At Torquay, the decision was made to head to Queenscliff, take the ferry to Sorrento and the slow road round Port Philip Bay to the city rather than the freeway from Geelong into Melbourne. The crossing only takes 40 minutes.

14 years ago, I had decided to go across to Sorrento one weekend and do some walking in the National Park on the headland. Unfortunately, a storm followed me across the bay and by the time I got off the ferry in Sorrento it was raining so I abandoned my plans. We got into the city eventually (my navigation app did not know that you cannot come over the bridge and turn right onto Flinders Street between 3pm and 7pm Monday to Friday) and parked the car up for a couple of days.

Around Australia: Warrnambool to Apollo Bay


It is 14 years since I was last in Victoria and James has never been here. During my Churchill Fellowship in Melbourne I had driven some of the Great Ocean Road one weekend but had not had time to go beyond Port Campbell so we decided it was worth diverting from the Highway and spending some time on the coast. As the road leaves Highway One it passes a huge cheese and butter plant and a Cheeseworld shop. The B100 zig zags through dairy farmland down to join the coast at the Bay of Islands.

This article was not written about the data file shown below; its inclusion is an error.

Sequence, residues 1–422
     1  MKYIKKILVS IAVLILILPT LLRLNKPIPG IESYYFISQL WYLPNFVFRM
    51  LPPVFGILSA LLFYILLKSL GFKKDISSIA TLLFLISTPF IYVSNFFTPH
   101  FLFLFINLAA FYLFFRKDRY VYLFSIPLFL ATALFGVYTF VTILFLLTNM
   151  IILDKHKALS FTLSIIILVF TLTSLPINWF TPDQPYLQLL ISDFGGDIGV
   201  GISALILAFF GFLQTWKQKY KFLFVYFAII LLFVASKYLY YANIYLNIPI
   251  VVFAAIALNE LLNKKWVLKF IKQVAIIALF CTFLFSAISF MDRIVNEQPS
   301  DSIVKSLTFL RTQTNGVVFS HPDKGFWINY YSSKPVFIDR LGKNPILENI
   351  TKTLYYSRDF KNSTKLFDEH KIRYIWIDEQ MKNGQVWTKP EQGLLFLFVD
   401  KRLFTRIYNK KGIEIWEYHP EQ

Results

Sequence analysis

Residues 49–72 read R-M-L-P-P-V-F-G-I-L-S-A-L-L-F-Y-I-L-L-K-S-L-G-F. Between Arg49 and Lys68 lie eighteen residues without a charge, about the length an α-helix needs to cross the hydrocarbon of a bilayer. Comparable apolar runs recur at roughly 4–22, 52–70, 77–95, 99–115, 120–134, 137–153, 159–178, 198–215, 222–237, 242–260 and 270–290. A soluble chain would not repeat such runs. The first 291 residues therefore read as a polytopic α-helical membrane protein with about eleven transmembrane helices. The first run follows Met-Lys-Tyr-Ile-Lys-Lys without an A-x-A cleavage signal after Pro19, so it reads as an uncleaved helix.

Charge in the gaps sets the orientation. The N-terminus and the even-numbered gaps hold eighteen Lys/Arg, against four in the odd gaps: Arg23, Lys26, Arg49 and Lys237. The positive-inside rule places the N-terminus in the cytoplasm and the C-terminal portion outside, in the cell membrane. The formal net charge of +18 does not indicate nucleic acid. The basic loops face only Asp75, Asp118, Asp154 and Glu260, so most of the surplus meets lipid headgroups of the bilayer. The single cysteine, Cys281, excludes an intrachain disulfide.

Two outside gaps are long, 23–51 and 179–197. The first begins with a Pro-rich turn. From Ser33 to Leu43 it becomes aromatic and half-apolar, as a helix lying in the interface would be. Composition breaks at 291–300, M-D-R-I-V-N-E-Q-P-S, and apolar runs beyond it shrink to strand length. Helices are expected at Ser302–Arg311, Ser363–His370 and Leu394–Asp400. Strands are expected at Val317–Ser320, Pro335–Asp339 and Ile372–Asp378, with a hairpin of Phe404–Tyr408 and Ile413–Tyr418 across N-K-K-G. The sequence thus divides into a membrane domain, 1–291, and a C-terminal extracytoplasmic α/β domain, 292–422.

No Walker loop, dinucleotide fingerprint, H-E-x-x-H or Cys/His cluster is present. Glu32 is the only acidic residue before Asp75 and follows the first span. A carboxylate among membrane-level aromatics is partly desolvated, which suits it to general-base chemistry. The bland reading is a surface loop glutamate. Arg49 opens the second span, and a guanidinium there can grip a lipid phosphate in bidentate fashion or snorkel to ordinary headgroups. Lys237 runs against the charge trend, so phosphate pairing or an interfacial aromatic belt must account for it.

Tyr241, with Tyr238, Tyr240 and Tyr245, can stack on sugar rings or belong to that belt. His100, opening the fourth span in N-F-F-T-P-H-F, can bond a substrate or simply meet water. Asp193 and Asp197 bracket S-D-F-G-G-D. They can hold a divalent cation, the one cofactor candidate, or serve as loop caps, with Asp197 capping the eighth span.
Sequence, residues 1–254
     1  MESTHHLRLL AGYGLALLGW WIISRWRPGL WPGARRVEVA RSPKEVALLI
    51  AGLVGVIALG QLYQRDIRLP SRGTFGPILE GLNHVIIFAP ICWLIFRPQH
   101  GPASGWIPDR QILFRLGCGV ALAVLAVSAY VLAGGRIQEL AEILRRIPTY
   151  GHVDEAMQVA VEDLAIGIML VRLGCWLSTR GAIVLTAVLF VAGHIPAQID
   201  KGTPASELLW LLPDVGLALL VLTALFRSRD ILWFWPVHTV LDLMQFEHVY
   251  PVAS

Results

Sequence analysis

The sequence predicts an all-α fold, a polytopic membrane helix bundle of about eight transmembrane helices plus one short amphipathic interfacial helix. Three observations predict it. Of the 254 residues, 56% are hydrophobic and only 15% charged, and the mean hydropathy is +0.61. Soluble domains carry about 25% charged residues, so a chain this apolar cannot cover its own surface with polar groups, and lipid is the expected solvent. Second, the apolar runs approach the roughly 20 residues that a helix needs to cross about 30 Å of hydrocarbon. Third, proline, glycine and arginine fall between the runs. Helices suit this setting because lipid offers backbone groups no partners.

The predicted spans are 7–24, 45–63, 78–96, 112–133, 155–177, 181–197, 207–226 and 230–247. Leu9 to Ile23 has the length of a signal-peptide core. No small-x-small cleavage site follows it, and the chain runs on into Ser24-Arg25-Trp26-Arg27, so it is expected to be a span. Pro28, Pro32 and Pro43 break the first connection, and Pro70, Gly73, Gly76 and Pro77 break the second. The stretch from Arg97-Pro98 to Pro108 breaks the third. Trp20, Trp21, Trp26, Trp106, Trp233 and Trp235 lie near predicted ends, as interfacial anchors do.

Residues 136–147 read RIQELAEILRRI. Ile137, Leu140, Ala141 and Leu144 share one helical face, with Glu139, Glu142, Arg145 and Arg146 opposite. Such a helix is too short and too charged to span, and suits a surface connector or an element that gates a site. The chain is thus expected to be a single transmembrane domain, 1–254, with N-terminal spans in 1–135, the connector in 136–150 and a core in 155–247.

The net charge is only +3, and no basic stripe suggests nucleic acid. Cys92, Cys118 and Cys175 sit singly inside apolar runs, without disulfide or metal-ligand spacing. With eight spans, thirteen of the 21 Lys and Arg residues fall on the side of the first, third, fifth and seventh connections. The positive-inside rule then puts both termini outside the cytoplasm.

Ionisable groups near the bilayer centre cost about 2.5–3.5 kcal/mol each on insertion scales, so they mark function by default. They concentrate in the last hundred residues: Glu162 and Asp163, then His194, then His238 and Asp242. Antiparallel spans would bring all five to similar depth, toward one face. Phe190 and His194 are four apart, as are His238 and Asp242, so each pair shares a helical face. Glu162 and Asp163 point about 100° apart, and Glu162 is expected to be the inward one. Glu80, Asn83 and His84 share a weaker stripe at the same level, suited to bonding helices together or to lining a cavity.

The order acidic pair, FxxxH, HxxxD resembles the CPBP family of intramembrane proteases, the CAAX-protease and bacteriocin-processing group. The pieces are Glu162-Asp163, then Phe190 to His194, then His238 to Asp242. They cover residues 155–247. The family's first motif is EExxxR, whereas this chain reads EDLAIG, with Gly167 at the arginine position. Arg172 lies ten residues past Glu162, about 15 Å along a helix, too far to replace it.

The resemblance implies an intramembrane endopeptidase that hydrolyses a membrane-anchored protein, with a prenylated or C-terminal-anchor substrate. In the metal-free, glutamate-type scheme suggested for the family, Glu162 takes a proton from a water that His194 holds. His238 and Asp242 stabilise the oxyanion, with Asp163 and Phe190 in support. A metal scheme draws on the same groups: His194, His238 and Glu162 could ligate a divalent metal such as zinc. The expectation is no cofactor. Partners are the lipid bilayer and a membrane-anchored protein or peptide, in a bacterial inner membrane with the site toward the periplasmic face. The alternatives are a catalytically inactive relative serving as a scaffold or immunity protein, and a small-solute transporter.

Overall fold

Further along is the Bay of Martyrs

The Grotto

and London Bridge. One span collapsed in 1990 leaving two people stranded who had to be air-lifted by a helicopter.

We also stopped at the Arch where there is some limestone graffiti.


and the Port campbell outlook.

It was definitely coffee time by then and there are several cafes in the town. I spotted the motel I had stayed in 14 years ago which has had a revamp since. Beyond Port Campbell is Loch Ard Gorge.